Some of the detailed goals were met in the 1960's by development of triple-sonic fighters and bombers, such as the MiG-25 and Sukhoi T-4. However a more ambitious objective was investigation of hypersonic vehicles. This was to be conducted in a two phase program. Phase One would take an experimental vehicle up to 6,000 to 7,000 km/hour at altitudes of 80 to 100 km. In this phase the vehicle would remain controllable using aerodynamic surfaces. Phase Two would take the vehicle to Mach 10, and 100 to 150 km altitude. This would require solving problems of control at hypersonic speeds, reaction control of the vehicle outside of the atmosphere, re-entry, and landing.
An official government resolution permitting development of the M-48 spaceplane was officially issued in December 1959. Contact between the Myasishchev and Korolev bureaus in solving the problems remained close. In March 1960 L L Selyakov (assistant to Myasishchev for project work) and G D Dermichev (chief of the project section) were assigned to the M-48. Refined calculations indicated that the R-7 could loft a 4.5 metric ton vehicle to 400 km suborbital trajectory and a 4.0 metric ton vehicle to 500 km. 40 percent of the VKA's exterior surface would have to be covered with heat shielding. A 1600 kgf braking engine would provide 150 m/s of maneuvering capability. In suborbital tests, the engine would extend the range of the VKA by 200 km or by 100 km laterally from a strict ballistic trajectory.
The flight characteristics of the VKA were confirmed independently by the Soviet Academy of Sciences and its head, M V Keldysh. It was calculated that a hypersonic lift to drag ratio of 0.25 to 0.30 would be achieved in ballistic re-entry of the vehicle. This was essentially the same as the optimum lifting ballistic shape, the 'headlamp' Soyuz shape. But the shape of the VKA meant non-uniform heating and the need to maintain a high angle of attack. The recommended re-entry profile consisted of a ballistic re-entry to 30 to 40 km altitude, where the spacecraft would transition to a maneuvering entry by the use of extendible shielded wings. The hermetically sealed cabin provide accommodation for two crew in encapsulated angled ejection seats.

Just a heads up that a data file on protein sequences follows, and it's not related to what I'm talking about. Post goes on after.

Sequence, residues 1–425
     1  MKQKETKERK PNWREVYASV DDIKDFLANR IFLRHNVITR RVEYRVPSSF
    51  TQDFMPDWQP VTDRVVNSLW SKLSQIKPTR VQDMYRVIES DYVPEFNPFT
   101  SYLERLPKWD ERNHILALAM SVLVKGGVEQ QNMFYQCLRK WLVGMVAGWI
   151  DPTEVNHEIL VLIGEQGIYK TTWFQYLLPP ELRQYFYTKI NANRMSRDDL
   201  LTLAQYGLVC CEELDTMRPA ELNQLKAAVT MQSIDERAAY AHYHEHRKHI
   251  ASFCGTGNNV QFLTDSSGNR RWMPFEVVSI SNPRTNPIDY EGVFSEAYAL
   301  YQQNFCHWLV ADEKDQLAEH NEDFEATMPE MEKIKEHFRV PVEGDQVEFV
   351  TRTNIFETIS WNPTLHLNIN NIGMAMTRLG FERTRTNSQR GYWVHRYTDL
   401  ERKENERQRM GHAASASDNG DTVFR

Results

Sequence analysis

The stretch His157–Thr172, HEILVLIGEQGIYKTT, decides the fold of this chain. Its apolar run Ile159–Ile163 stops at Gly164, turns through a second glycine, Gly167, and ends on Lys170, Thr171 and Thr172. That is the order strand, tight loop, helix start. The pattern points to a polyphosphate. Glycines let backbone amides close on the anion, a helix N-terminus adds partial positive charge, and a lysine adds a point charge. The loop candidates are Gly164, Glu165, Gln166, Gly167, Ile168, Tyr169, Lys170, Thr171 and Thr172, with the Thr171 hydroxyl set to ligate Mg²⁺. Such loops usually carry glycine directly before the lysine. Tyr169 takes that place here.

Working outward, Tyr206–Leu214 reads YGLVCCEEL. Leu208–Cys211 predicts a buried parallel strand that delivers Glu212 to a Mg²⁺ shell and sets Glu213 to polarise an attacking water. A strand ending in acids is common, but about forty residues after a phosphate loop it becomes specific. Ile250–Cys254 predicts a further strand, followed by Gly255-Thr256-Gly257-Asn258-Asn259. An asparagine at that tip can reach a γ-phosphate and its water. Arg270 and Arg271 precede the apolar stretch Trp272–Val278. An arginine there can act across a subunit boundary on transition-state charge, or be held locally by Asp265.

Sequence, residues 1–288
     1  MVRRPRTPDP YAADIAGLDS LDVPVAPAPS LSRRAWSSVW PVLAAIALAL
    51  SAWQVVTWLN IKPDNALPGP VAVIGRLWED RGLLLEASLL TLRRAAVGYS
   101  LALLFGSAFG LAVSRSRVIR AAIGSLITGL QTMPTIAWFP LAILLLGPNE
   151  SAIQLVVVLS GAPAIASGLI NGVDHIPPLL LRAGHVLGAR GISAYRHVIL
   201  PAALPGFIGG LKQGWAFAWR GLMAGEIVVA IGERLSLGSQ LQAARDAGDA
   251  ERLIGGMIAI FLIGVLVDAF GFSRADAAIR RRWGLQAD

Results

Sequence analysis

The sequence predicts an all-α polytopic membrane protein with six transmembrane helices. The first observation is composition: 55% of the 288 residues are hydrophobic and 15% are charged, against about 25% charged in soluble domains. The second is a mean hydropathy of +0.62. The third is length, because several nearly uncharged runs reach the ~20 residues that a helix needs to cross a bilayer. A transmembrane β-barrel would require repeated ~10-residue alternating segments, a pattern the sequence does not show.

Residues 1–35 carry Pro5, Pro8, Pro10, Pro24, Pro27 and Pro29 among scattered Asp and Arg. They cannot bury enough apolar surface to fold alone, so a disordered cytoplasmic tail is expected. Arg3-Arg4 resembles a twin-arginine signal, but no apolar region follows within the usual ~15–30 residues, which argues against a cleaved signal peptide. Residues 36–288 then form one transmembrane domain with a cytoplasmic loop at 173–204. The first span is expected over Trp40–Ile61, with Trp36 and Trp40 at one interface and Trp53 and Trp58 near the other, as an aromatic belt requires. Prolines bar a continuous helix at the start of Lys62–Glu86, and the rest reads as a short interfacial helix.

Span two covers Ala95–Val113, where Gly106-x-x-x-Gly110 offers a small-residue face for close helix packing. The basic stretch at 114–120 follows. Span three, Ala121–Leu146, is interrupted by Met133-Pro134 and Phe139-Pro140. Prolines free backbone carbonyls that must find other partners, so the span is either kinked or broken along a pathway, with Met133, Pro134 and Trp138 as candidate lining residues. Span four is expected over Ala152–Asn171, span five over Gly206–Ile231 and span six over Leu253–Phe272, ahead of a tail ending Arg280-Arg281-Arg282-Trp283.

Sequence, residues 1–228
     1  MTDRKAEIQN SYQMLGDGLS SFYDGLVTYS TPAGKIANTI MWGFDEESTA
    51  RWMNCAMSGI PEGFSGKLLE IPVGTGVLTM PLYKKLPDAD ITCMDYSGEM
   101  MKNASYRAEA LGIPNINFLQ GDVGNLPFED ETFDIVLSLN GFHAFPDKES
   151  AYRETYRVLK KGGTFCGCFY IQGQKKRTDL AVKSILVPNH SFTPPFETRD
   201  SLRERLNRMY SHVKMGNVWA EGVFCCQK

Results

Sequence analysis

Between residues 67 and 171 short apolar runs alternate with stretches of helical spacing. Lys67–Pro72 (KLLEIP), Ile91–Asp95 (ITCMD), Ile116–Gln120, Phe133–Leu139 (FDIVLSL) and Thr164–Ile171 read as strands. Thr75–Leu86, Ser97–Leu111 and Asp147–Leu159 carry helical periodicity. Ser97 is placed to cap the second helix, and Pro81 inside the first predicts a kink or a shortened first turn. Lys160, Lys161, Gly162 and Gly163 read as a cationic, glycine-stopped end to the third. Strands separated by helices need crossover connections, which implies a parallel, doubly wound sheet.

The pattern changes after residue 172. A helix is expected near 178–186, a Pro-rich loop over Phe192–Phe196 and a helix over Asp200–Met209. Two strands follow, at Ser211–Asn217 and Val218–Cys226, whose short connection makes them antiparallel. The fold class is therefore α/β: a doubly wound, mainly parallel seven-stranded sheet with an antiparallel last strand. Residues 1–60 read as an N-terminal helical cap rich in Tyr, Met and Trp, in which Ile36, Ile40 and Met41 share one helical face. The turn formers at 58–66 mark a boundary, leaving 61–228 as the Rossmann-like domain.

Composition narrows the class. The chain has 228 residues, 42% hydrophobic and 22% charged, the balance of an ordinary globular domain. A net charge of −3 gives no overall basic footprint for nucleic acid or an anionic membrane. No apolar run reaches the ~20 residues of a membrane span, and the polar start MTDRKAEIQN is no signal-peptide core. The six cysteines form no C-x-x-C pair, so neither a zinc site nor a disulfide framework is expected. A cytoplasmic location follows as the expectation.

The draft project proposal was reviewed by the expert commission in April 1960. K P Ostinin suggested an alternative vehicle, using deployable rotors of 8 m for vertical landing (not knowing that Myasishchev had studied and rejected such schemes using rotors of 12 m and 16 m diameter). V V Struminskiy believed that the transition to winged flight could not be commenced as early as Myasishchev thought, and that a ballistic trajectory should be flown until subsonic speed was attained. S P Srishcherian believed that the configuration would have insoluble thermal control problems due to its many hot spots, and that the extendible wings would require an excessive amount of thermal protection compared to a simpler fixed wing design. V A Dzhapridze and A I Makarevskiy questioned the '48' design on many points. Makarevskiy believed the program would require extensive preliminary testing of a full-scale test bed, where the wings could be fixed and tested at various angles.
It was clear that many technical problems had to be cleared incrementally before an operational vehicle could be fielded. Myasishchev's team went 'back to the drawing board', the result being two alternative single-crew orbital spaceplanes (see VKA-23 Design 1 and VKA-23 Design 2).
Crew Size: 2. Habitable Volume: 2.00 m3. Spacecraft delta v: 150 m/s (490 ft/sec).
Gross mass: 4,500 kg (9,900 lb).
Unfuelled mass: 4,300 kg (9,400 lb).
Thrust: 15.60 kN (3,507 lbf).